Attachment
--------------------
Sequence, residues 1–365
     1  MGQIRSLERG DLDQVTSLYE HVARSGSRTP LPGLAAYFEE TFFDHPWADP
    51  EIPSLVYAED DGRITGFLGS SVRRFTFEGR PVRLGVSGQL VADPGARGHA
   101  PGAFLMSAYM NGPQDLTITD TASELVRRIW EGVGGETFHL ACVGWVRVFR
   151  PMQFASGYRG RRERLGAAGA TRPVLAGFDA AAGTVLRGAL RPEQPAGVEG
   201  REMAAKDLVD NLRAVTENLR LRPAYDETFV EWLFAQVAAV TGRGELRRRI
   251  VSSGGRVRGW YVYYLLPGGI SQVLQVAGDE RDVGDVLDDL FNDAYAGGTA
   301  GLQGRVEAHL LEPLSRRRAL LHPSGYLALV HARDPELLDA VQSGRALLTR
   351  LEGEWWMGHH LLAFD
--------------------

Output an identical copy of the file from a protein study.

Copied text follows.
Sequence, residues 1–365
     1  MGQIRSLERG DLDQVTSLYE HVARSGSRTP LPGLAAYFEE TFFDHPWADP
    51  EIPSLVYAED DGRITGFLGS SVRRFTFEGR PVRLGVSGQL VADPGARGHA
   101  PGAFLMSAYM NGPQDLTITD TASELVRRIW EGVGGETFHL ACVGWVRVFR
   151  PMQFASGYRG RRERLGAAGA TRPVLAGFDA AAGTVLRGAL RPEQPAGVEG
   201  REMAAKDLVD NLRAVTENLR LRPAYDETFV EWLFAQVAAV TGRGELRRRI
   251  VSSGGRVRGW YVYYLLPGGI SQVLQVAGDE RDVGDVLDDL FNDAYAGGTA
   301  GLQGRVEAHL LEPLSRRRAL LHPSGYLALV HARDPELLDA VQSGRALLTR
   351  LEGEWWMGHH LLAFD